Gaston Pavlovich Buys ‘El Chapo’ Guzman Court Case Thriller ‘The Trial,’ ‘Narcos Gringos’


LOS CABOS, Mexico  —  Gaston Pavlovich, producer of “The Irishman,” has swooped on two prime IPs, “El Juicio” (The Trial”), a privileged-access account of Joaquin “El Chapo” Guzman’s New York court case, and “Los Narcos Gringos,” a portrait of U.S. drug runners.

The two non-fiction works are both written by Washington-based Jesus Esquivel, whom Pavlovich describes as “the most important  journalist in Mexico in the eyes of many people.” Working out of Mexico City-based Fábrica de Cine whose credits also include Martin Scorsese’s “Silence,” with Liam Neeson and Adam Driver,  and Tom Hanks-starred “A Hologram for the King,” Pavlovich aims to adapt “The Trial” as a feature film, and “Los Narcos Gringos” as a drama series.

Both are potential explosive material. Based on interviews at the time of the trail with Guzmán himself, wife and other witnesses, the English-language “The Trial,” which will be published in the U.S. next year, drills down on the information emerging from the trail of the Mexican and non-Mexican business, political and institutional interests involved in one way or another in the criminal empire of Chapo Guzman.

A “powerful character-driven courtroom drama-thriller on a global scale,” “The Trail” is “not a Mexican story specifically, said Pavlovich.

“It’s about the trial that shook the world during the few days that it lasted, turning on the head of the major cartel in the world,”” Pavlovich told Variety at Los Cabos where “The Irishman” opened the festival, presented by Robert De Niro.

He went on: “Guzman was prosecuted in New York, in U.S. territory not Mexican territory, because all the information that would be revealed in the trial: the caliber of involvement of worldwide players, the amount of politicians, institutions, and organizations involved. It’s a much bigger story than just drug dealing in Mexico. It’s about worldwide phenomena.”

The film will strictly comply with what is written in Jesus Esquivel´s novel, Pavlovich added.

What Esquivel set out to achieve in “The Trial” was to place the court case in a bigger picture.

“From the start of the trail, when I arrived in the early morning at the Brooklyn court and saw such security measures – for the U.S. government, this was the most dangerous terrorist in the world – I rapidly sensed that we were like the cast in a film or a series, in which some reporters assumed leading roles, and looked for the scandal, morbid details in the case,” Esquivel said.

He added: “From my standpoint, that reduced the real importance that a case like that against Joaquin “El Chapo” Guzmán Loera really had: the gigantic problem that the two countries face: in Mexico, the violence, and in the U.S the huge consumption of drugs.”

“What became clear in the trial was that the U.S. government – the DEA and FBI – protects certain narco-traficantes via what it calls co-operation pacts, said Esquivel, instancing one moment when Vicentillo, a witness, was taken from his cell by the DEA and made to call a mobile number connecting him to his father, “El Mayo” Zambada, one of the kingpins of Guzman’s Sinaloa cartel.

The trial exposed how the narcos recruit people to transfer legally money from the U.S. and other parts of Latin America to pay for cocaine, Esquivel said. “But nobody investigates this not the government of Mexico nor the U.S. government – because it would be bad for the economy of the U.S.”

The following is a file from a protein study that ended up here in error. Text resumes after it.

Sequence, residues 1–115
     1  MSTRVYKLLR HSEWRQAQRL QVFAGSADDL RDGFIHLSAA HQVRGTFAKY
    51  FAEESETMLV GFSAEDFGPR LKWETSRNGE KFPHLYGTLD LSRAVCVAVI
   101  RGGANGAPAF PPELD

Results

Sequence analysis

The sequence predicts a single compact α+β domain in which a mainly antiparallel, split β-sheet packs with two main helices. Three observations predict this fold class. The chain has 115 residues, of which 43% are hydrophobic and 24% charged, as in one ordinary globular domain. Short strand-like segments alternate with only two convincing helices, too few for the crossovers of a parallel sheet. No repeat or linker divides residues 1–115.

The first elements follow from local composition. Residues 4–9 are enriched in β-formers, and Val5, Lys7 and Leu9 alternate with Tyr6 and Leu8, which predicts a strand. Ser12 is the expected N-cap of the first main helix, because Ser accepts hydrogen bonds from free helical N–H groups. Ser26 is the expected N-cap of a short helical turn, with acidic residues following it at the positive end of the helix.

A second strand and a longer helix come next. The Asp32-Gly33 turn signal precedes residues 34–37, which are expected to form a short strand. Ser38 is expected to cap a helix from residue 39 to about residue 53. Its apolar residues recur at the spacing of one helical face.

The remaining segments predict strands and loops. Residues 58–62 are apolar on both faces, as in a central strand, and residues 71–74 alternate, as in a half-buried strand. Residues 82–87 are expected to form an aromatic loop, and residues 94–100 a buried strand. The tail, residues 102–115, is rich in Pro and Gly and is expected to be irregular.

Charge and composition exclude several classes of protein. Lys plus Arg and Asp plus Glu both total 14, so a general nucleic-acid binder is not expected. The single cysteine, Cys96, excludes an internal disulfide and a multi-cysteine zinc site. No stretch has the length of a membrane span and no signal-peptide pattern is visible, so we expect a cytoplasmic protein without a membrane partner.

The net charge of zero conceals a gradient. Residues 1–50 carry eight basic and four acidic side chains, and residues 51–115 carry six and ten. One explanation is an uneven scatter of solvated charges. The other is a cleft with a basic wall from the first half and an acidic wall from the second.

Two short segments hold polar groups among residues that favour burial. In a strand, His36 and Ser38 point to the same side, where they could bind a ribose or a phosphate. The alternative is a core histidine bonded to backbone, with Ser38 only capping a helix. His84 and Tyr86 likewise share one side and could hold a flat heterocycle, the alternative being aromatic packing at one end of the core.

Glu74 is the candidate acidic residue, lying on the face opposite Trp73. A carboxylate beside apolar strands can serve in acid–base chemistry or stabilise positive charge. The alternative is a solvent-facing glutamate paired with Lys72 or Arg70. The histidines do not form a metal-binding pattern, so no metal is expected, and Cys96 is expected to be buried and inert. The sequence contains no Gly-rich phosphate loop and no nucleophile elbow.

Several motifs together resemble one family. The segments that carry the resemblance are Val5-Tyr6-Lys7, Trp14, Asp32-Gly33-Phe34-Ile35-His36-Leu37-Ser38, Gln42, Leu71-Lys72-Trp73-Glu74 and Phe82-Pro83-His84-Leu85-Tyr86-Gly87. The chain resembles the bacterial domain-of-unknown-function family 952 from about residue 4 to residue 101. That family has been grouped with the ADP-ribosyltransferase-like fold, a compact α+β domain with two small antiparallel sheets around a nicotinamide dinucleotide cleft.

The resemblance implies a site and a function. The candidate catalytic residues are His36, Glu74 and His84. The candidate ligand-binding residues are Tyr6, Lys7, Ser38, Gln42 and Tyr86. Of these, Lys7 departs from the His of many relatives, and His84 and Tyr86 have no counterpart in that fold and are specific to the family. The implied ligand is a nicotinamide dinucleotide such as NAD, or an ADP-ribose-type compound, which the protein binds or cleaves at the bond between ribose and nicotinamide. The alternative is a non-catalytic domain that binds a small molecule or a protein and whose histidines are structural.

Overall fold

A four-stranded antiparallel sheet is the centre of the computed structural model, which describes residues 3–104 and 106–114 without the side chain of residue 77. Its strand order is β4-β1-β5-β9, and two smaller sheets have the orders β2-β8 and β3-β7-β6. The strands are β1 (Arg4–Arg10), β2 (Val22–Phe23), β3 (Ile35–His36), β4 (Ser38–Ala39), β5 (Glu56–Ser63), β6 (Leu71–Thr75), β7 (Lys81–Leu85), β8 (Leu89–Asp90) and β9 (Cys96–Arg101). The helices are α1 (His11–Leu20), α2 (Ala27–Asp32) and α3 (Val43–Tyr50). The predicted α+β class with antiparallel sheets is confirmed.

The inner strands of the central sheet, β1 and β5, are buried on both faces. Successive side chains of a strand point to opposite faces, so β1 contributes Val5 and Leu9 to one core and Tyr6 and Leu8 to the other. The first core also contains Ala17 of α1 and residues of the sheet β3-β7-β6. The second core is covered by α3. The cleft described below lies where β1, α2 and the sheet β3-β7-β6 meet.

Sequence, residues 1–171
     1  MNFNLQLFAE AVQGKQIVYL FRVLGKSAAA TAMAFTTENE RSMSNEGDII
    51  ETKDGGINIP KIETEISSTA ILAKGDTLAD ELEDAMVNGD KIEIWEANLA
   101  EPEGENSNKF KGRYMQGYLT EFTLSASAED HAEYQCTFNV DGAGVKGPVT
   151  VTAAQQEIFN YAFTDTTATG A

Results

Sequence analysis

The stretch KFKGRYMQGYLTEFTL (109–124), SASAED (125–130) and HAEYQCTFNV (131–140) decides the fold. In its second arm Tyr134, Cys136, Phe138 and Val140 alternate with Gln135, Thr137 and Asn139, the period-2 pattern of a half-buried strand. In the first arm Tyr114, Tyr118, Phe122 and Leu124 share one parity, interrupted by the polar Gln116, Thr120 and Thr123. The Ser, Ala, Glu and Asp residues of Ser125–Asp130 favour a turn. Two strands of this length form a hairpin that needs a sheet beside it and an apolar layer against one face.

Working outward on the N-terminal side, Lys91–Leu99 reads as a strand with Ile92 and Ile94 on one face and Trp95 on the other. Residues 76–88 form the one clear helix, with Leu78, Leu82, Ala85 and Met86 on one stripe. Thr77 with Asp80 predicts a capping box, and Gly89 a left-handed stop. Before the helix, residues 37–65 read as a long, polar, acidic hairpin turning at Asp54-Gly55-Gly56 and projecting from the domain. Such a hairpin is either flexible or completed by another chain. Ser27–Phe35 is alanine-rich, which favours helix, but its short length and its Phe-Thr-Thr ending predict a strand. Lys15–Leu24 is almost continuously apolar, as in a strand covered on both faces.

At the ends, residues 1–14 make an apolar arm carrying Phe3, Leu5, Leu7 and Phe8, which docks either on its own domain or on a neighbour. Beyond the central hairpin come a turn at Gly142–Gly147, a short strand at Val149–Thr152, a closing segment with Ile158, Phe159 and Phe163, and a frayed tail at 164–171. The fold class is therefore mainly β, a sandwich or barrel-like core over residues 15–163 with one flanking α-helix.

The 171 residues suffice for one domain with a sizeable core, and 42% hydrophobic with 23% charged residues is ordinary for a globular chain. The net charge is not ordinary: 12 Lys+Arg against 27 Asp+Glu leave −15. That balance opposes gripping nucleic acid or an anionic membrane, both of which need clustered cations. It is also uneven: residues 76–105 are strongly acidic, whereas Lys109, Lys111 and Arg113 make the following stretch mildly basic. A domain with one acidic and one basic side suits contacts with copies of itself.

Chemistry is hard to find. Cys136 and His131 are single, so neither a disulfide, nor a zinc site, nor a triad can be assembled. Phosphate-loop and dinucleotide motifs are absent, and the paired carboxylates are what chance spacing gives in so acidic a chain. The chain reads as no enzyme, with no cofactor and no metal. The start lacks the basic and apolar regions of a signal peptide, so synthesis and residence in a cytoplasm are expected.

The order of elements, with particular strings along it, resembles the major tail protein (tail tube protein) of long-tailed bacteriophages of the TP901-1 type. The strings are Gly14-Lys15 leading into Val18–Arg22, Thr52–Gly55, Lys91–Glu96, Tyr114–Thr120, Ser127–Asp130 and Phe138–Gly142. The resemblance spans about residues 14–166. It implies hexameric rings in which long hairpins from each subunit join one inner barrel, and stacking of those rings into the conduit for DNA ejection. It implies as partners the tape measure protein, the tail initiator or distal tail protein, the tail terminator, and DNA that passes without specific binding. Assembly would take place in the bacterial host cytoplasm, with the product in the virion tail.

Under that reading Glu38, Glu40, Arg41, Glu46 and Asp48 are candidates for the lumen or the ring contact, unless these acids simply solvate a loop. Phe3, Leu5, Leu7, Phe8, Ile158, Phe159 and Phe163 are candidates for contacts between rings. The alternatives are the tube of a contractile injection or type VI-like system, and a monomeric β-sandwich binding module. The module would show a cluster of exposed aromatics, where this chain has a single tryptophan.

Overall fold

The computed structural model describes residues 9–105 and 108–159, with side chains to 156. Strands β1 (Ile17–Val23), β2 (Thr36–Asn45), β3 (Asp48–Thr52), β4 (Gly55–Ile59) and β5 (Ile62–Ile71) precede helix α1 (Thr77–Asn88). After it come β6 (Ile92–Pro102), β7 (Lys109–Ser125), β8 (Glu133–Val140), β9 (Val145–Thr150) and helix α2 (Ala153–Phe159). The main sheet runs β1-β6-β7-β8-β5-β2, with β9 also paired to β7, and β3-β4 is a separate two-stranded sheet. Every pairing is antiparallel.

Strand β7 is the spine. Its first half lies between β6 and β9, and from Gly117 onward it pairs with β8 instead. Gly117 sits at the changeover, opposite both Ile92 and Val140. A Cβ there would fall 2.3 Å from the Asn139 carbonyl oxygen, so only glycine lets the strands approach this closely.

The real protagonists of “The Trail” will be the prosecutors, the defense, the witnesses. The film will be very largely shot in English,.the language used at the trial, said Pavlovich who added he would look for “A-listers” to play the protagonists.

The just-signed deal between Fabrica de Cine and Esquivel sees Pavlovich acquiring the IPs of both books and the complete collaboration of Esquivel to bring them to the big or small screen.

Pavlovich will look for a director who is “very strong on character-driven stories.” He told Variety that he was moving fast to put “The Trial” into production to roll off “the impact that I know the book will have in the U.S.”

Based on Esquivel’s non-fiction work “Los Narcos Gringos” which came out three years ago in Mexico, the TV series will blow the roof on the U.S. side of the narco trade. Given the different chapters detailing the involvement of America’s  professional classes, from bankers to even soccer moms, Pavlovich sees the adaptation as more of a series than a feature.

“The world portrayed by ‘Los Narcos Gringos’ is not one of the drug addicts or sicario violence, but entrepreneurship, the U.S. business side to a criminal world. There’s a lot of stories to be told that is totally unexpected,” Pavlovich said.

“Not just Mexicans and Colombians are involved in the drug trade. The real dealers and movers of this industry in the U.S. don’t look Latino and are not necessarily violent people.”

“The series will ask what makes a soccer mom drop off her kids at a match and then go out and distribute drugs among other hard to believe true stories of American Society.

Esquivel told Variety of just one example of what he calls the “racism” of the U.S. drug trade. “The key figure is the broker, the middle-man. They’ll choose white people, white mothers with blue eyes. and ask if they’d like to have the money for a new car and $10,000 in cash, without doing anything illegal.”

“All they have to do is take their kids on a short vacation, they’ll be told to stop over at certain hotels and leave their car unlocked. They’ll see some baggage appear in the car, which they shouldn’t ever touch. Do you think a policeman will stop a white woman with kids on the highway?”

The baggage could contain at least $5 million in cash.”The narcos call then “bajadoras de dinero” because they drive from the north of the U.S. to the south.”

Source: variety

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